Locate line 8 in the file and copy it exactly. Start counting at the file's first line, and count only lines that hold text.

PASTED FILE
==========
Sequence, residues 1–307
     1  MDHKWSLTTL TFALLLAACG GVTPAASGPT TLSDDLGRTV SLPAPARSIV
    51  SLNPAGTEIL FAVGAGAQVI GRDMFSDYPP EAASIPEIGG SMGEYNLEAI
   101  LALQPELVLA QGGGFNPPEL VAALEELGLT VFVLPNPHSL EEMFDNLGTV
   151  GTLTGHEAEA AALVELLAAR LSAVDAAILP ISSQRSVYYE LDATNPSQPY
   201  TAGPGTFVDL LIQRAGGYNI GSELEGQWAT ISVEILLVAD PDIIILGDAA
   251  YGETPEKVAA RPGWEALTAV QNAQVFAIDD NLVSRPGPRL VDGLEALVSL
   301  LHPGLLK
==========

   301  LHPGLLK